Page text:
SAN JOSE -- Cypress Semiconductor, Integrated Device Technology, Micron, NEC, and Samsung today announced enhancements to the Quad Data Rate (QDR) architecture for SRAMs, pushing the overall memory performance to 333-MHz clock speeds.
The initial 18-megabit SRAM, based on the QDR enhancements, is now under development, and samples of prototypes are expected by the fourth quarter, said the group. The five SRAM makers cooperated in developing the enhancements, which are now called QDRII/DDR II (Double Data Rate).
"This milestone of producing first silicon, reinforces the co-development team's commitment to meet the roadmap schedules," said Mario Martinez, director of strategic marketing for the Memory Products Division of Cypress in San Jose.
The QDR cooperative was launched in 1999 as a partnership between Cypress, IDT and Micron to define static RAMs for switches and routers that operated at data rates above 200 MHz (see July 26, 1999, story). The group expanded this year with the addition of NEC Corp. and Samsung Electronics Co. Ltd.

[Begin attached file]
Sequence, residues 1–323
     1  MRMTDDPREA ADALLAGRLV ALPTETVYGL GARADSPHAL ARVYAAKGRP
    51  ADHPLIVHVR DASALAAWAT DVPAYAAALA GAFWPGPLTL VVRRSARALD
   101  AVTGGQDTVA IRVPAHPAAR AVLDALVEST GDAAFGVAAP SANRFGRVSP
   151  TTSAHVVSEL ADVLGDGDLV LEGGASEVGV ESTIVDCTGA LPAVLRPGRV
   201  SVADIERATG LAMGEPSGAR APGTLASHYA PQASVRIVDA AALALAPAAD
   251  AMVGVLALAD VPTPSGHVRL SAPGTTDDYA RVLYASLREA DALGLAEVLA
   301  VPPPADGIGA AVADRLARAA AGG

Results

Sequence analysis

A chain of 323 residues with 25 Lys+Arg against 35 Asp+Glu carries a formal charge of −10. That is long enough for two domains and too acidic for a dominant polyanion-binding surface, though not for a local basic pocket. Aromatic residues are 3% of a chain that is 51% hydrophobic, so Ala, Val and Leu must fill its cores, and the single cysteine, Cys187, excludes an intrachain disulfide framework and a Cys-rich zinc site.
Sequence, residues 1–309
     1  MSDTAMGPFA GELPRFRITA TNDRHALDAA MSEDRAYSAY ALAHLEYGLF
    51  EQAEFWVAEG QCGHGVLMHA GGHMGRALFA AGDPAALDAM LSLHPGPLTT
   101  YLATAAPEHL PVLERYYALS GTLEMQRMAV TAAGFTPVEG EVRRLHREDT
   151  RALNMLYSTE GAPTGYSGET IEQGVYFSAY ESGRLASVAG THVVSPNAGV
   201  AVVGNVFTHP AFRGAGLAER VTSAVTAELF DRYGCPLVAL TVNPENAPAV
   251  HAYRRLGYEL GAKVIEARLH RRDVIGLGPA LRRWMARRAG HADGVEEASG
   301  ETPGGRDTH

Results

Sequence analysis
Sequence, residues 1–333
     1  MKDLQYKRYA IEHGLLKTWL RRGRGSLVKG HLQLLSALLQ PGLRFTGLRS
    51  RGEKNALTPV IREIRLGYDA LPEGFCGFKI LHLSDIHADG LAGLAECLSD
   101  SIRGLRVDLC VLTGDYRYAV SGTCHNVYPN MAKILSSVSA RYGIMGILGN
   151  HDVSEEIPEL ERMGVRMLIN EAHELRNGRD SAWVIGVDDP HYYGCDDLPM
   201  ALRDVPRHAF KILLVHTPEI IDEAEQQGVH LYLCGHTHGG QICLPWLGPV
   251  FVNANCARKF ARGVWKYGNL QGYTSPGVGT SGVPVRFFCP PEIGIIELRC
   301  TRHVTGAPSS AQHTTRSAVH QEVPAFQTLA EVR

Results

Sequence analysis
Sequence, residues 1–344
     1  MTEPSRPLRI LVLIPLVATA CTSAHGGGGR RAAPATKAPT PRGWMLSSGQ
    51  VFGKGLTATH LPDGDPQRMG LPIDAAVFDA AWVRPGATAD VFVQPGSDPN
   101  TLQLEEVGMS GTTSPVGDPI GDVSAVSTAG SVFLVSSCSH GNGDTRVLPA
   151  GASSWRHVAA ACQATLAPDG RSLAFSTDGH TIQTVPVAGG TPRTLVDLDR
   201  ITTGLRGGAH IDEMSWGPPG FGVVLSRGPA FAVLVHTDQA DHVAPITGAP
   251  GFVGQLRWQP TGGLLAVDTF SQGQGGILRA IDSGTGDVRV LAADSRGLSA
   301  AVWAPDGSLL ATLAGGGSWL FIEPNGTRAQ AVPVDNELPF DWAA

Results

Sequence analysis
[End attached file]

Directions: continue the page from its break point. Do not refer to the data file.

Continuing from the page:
The enhanced QDRII architecture has been designed to provide customers with "an expected data valid window of 65% of the clock cycle" while operating at 333 MHz, said J. Thomas Pawlowski, senior fellow at Micron Technology Inc. in Boise, Idaho. The architecture allows designers to avoid the possibility of bus contention while systems are operating at high speed.
Next week, a competing group--called the SigmaRAM Consortium--is expected to unveil its roadmap and first wave of high-speed SRAMs (see May 31 story). This group is made of GSI Technology, ISSI, Mitsubishi, Sony, and Toshiba.
But the QDR camp believes its new architecture has a number of advantages over other approaches in speeding up SRAMs for communications and high-speed systems. For one thing, the QDR co-development team said it has optimized the IC packaging for Quad Data Rate memories. A 13-mm-by-15-mm FBGA package is used with 165-ball contacts. This package has been defined for 18-, 36-, and 72-Mbit chip densities, said the group.
"Our packaging strategy focused on meeting three key objectives our customers require: space savings, performance migration, and cost reduction," said Mike Black, strategic SRAM marketing manager at Micron.
"The 165-pin FBGA provides customers the flexibility to design for future density and performance migrations while achieving a 40% space savings gained over traditional 209-ball, 14-mm--by-22-mm BGA, or 100-pin TQFP packages," he said. "Equally important, the new FBGA is designed for clamshell applications," added Black, referring to space-constrained portable system designs.